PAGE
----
Professor Laetitia La Follette elected as President of Archaeological Institute of America
Saturday, January 4, 2020
Saturday, January 4, 2020
On January 4th, 2020, Associate Professor and Department Chair Laetitia La Follette was elected to a three-year term as President of the Archaeological Institute of America (AIA) in January. Founded in 1879 and chartered by Congress in 1906, the AIA is North America's oldest and largest organization devoted to the world of archaeology, with some 200,000 members in the United States, Canada, and overseas.
Read Professor La Follette's introductory message to the AIA community from Archaeology magazine's January/February 2020 issue:
"As a longtime Archaeology subscriber, I am delighted to introduce myself to you as the incoming president of the Archaeological Institute of America (AIA), the organization that publishes this magazine. The AIA is the oldest and largest archaeological organization in North America, made up of professional archaeologists and lay enthusiasts who belong to more than 100 affiliated local societies across the United States and Canada. One of these societies is likely located near you. There, you can meet archaeologists and hear them talk about their work through the AIA’s lecture program, which sponsors more than 200 events every year. One of my ambitions as president is to tap this deep well of expertise and make it accessible to an even broader audience via podcasts and other media.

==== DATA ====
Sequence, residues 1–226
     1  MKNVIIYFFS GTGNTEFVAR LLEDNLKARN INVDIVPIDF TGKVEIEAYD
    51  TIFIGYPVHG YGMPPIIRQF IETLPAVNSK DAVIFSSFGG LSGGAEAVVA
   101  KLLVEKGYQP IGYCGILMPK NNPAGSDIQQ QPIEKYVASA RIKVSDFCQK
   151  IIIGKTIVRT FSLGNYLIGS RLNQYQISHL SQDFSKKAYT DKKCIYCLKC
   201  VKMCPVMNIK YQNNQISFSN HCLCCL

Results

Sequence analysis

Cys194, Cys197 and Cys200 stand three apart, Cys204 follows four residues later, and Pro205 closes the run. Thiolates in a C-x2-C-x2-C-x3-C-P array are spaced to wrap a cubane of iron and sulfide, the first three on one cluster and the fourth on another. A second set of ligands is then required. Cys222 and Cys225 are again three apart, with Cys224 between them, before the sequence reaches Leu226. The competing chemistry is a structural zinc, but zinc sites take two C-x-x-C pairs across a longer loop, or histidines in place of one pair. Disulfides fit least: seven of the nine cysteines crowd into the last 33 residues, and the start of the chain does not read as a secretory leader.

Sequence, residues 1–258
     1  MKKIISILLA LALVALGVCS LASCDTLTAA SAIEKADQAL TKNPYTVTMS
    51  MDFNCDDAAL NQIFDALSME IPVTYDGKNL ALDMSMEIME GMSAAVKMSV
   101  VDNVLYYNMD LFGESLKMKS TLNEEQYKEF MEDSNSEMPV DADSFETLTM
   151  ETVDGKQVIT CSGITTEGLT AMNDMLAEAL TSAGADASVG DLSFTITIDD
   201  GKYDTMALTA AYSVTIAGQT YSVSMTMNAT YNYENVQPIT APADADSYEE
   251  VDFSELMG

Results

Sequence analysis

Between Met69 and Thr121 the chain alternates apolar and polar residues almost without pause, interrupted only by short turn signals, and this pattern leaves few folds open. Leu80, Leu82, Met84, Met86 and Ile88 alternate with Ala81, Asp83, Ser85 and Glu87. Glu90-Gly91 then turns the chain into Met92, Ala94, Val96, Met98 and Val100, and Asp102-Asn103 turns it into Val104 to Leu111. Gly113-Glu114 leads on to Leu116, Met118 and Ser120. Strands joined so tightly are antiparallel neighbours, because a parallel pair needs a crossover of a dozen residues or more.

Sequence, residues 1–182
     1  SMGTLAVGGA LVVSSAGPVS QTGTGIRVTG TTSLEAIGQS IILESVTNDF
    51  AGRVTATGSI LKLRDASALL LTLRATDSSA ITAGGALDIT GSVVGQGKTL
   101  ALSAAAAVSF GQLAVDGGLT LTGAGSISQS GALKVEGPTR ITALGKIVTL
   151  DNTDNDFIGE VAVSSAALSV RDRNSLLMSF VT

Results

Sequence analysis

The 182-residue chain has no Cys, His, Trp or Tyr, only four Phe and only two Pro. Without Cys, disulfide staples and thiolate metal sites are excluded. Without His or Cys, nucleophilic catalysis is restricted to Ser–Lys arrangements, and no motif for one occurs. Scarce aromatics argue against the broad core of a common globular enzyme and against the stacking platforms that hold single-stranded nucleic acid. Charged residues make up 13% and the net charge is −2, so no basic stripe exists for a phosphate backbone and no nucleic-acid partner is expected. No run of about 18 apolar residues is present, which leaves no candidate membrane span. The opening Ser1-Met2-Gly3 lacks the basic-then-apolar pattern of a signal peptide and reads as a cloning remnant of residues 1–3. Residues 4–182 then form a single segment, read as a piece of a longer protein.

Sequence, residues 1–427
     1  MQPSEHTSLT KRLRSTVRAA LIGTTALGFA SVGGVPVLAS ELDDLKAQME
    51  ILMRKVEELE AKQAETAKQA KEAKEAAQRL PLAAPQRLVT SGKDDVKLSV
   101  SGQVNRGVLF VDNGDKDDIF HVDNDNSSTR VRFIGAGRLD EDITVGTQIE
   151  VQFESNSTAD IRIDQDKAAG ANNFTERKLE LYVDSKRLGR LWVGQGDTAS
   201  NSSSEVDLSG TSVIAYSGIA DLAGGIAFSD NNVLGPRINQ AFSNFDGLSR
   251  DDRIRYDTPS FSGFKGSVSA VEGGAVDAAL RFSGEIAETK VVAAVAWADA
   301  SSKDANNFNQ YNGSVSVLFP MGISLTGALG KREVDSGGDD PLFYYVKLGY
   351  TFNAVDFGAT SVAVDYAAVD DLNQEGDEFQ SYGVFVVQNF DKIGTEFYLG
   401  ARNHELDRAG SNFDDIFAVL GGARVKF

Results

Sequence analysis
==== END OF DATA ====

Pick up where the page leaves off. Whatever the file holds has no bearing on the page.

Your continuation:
I caught the archaeology “bug” in the sixth grade. Because my first name, Laetitia, is Latin for “joy,” my friends joke that it was clear from birth that I would go on to study classical antiquity. Archaeology is, as you know, a field that encompasses all sorts of specialties. It is also a field based on collaboration—no archaeologist can do it alone. Over the course of my own archaeological adventures, I’ve had some amazing mentors: an architect and archaeological draftsman in Athens, an underwater archaeologist in Israel, a Torlonia princess in Rome, and, most recently, several Danish colleagues in Copenhagen. Each in his or her own way helped me tremendously, and I am grateful to them all.
Such collaborations are key to the future of the field. I invite you to deepen your connection to archaeology this year in one of several possible ways: Find a society near you and attend a lecture there, explore some of the AIA’s public programs like Skype a Scientist, or introduce a young person to this magazine. You can learn more about these programs at archaeological.org. Together we can do great things. I look forward to working with you over the next three years as we support archaeology in the Americas and worldwide."